"My Work" is a TFS feature that makes it easy to switch between multiple different streams of work. We recently turned the feature on in our team project and I've been playing around with it to see whether its benefits justify its requirement for Visual Studio Premium or Ultimate.
I'm always working on multiple work items simultaneously, as each progresses through UAT at different speeds. Previously, I kept all changes for all in-progress work items checked out on my machine. This meant that when a work item was ready for deployment I had to pick through every file to identify those relevant to that work item before checking them in. This was a slow, tedious process, and I'd often miss a file and the build would break as a result.
"My Work" makes it easy to maintain a shelveset for each work item (or group of work items) and switch between them as necessary, effectively keeping each set of changes neatly partitioned without the hassle of having a separate branch for each.
With "My Work", if I need to interrupt something I'm doing to tackle a high priority bug fix, or I want to start work on a second work item while I'm waiting for another to be tested, I can click a single button to suspend my existing changes:
This creates a shelveset of everything in "Included Changes" in the Pending Changes window of Team Explorer, then does an undo checkout on those changes. The undo gave me a fright the first time it happened, as I wasn't expecting it, but it ensures that your workspace only contains changes that you are currently working on (although you can have other checked out files in "Excluded Changes"). The shelveset is visible in "Find Shelvesets" just like any other.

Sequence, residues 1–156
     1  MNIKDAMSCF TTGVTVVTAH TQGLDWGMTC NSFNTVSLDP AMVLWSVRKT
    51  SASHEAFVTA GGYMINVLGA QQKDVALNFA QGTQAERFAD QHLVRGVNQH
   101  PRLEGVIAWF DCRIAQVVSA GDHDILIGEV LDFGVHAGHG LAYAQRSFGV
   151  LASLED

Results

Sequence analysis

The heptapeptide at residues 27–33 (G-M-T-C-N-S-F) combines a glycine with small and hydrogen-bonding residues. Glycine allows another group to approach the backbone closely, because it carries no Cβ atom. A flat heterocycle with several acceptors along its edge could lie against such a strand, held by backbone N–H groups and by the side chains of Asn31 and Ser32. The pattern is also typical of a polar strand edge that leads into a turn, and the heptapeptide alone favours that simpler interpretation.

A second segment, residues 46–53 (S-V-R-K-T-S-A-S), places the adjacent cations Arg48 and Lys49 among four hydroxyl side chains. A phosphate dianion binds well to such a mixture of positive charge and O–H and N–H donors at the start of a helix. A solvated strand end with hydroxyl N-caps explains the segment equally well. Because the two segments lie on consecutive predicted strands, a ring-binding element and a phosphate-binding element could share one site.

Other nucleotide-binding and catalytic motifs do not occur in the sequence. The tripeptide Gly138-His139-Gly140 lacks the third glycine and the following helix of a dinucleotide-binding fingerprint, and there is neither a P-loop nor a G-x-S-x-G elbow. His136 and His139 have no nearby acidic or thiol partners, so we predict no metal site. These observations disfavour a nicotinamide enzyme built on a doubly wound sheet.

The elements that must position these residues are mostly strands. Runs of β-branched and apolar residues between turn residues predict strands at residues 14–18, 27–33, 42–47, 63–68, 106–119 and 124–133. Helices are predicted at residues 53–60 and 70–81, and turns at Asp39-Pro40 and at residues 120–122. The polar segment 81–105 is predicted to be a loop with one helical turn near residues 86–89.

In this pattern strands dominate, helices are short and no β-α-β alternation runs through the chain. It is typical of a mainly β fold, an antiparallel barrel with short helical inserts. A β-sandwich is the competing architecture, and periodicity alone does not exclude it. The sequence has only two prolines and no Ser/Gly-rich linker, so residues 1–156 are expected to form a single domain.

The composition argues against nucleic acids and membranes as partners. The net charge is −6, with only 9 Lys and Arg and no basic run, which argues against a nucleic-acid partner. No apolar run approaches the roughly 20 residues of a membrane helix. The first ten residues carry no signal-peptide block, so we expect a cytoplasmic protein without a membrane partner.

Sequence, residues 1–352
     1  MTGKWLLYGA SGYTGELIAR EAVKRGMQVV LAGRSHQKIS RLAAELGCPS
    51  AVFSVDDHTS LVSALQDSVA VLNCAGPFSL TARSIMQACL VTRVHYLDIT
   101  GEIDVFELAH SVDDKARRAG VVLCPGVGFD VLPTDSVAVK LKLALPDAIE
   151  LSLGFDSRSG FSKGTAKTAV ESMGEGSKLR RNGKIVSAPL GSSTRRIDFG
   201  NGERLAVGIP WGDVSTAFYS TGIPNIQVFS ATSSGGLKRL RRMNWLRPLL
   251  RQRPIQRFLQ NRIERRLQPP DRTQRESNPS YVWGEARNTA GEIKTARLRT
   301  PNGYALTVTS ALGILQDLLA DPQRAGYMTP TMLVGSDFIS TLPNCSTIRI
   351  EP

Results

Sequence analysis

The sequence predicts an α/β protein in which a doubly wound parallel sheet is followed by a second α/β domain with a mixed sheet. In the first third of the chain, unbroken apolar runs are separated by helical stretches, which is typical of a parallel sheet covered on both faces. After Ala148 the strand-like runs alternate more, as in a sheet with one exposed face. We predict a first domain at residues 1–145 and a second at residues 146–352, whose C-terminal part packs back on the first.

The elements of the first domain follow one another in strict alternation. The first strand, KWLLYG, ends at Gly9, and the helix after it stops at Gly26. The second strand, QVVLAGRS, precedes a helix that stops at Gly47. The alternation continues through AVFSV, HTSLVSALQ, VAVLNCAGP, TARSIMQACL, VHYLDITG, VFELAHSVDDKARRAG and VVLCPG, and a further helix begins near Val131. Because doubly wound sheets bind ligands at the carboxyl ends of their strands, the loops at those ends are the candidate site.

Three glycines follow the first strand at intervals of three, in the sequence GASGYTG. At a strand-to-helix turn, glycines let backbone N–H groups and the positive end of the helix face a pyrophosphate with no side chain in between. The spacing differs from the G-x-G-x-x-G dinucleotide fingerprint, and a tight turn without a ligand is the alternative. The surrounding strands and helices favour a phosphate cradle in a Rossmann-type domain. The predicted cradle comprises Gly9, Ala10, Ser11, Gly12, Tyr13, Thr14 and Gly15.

Later, once I've finished the bug fix, or the first item has been signed off and now needs to be checked in, I can resume my previously suspended work:
This gets the changes in the associated shelveset into my workspace, then deletes the shelveset. It also remembers which files and editor windows you had open in Visual Studio when you suspended the work, and restores them too.
The only wrinkle I've hit so far is that I often need to create a single shelveset containing all changes for all in-progress work items, for deployment to UAT. With "My Work" you can only work on one set of changes at once. You can merge different sets of changes, but you cannot subsequently unmerge them. However, I have found a workaround for this:
- Suspend all in progress work (so nothing is checked out and every set of work has a shelveset)
- Go to "Find Shelvesets" and click "Unshelve" on each set of changes in turn that need to be part of the aggregated build. This gets all changes locally, but preserves the shelvesets in "Suspended Work". If two shelvesets affect the same file, the changes can be merged.
- Shelve the changes manually under a new shelveset name
- Kick off the UAT build based on that shelveset
- Manually revert to a clean workspace by undoing all pending changes and removing all Related Work Items. This step makes me slightly nervous, but as long as you don't have any In Progress work it's safe. Also, worst case, all changes will be in the shelveset you created in step 3 anyway.
It means producing a UAT build is a little more work than before, but the advantage of being able to keep each set of work separate more than offsets it.
It's a shame that My Work isn't available in the Professional version of Visual Studio. It may not be as useful for developers who typically only work on one or two things at the same time, but for me it has rapidly become an essential tool, saving me a lot of time and reducing check-in mistakes.